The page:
Joe Greco wrote:
Everyone knows a NAT gateway isn't really a firewall, except more or less
accidentally. There's no good way to provide a hardware firewall in an
average residential environment that is not a disaster waiting to happen.
Gotta love it. A proven technology, successfully implemented on millions
of residential firewalls "isn't really a firewall, but rather "a disaster
waiting to happen". Make you wonder what disaster and when exactly it's
going to happen?
Simon Perreault wrote:
We have thus come to the conclusion that there shouldn't be a
NAT-like firewall in IPv6 home routers.
And that, in a nutshell, is why IPv6 is not going to become widely
feasible any time soon.
Whether or not there should be NAT in IPv6 is a purely rhetorical
argument. The markets have spoken, and they demand NAT.
Is there a natophobe in the house who thinks there shouldn't be stateful
inspection in IPv6? If not then could you explain what overhead NAT
requires that stateful inspection hasn't already taken care of?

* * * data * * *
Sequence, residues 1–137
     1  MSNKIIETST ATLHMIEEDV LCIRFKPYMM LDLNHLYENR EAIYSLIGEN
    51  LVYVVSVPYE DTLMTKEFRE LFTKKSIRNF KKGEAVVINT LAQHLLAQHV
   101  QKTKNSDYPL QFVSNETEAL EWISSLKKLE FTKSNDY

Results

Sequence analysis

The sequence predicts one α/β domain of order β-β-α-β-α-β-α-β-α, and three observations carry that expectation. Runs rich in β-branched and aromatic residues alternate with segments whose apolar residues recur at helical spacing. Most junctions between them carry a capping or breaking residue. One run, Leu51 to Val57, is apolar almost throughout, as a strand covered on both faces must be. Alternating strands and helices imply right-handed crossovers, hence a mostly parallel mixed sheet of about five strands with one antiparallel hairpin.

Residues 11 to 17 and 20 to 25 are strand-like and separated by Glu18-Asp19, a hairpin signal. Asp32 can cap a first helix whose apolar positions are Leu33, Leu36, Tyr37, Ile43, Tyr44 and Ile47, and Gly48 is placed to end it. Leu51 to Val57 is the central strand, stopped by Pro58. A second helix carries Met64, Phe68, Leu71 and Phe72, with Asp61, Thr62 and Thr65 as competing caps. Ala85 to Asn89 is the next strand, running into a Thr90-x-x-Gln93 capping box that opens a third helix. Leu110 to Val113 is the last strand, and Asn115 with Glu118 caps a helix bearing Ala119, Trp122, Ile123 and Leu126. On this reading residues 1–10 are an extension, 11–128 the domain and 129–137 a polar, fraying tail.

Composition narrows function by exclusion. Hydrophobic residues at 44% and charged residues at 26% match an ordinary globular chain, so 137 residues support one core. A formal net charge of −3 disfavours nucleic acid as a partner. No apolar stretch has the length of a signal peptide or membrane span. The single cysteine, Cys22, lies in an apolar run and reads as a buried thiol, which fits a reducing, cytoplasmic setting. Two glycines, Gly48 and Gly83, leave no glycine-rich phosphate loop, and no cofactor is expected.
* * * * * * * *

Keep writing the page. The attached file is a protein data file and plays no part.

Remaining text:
Far from the issue some try to make it out to be, NAT is really just a
component of stateful inspection. If you're going to implement
statefulness there is no technical downside to implementing NAT as well.
No downside, plenty of upsides, no brainer...
Nobodoy thinks that statefull firewall is not necessary for IPv6. If you want to particiapte the discussion then comment the IETF v6ops document:
I handwave past all that by pointing out (as you have) that
stateful inspection is just a subset of NAT, where the inside
address and the outside address happen to be the same.
(in the same way that the SHIM6 middleware boxes which were
proposed but never built were /also/ just subsets of NAT, with
the translation rules controlled by the SHIM6 protocol layers
on the hosts... but we weren't allowed to call them NAT gateways,
because IPv6 isn't supposed to have any NAT in it
Of course there are downsides to implementing NAT - adding any feature
to a device increases its complexity and affects its expense, time to
market, MTBF etc. And there is certainly a downside to *deploying* NAT:
NAT removes end-to-end transparency.
Gotta keep those SOHO users in their cages, don't want them becoming
independent producers of digital value, no sir!
Seriously - by all means keep NAT as a technology for those who want to
deploy it; we can't uninvent it anyway. It just shouldn't be imposed on
I would argue that an ISP requiring of a customer that they use a NATted
solution with IPv6 *is* imposing it on others.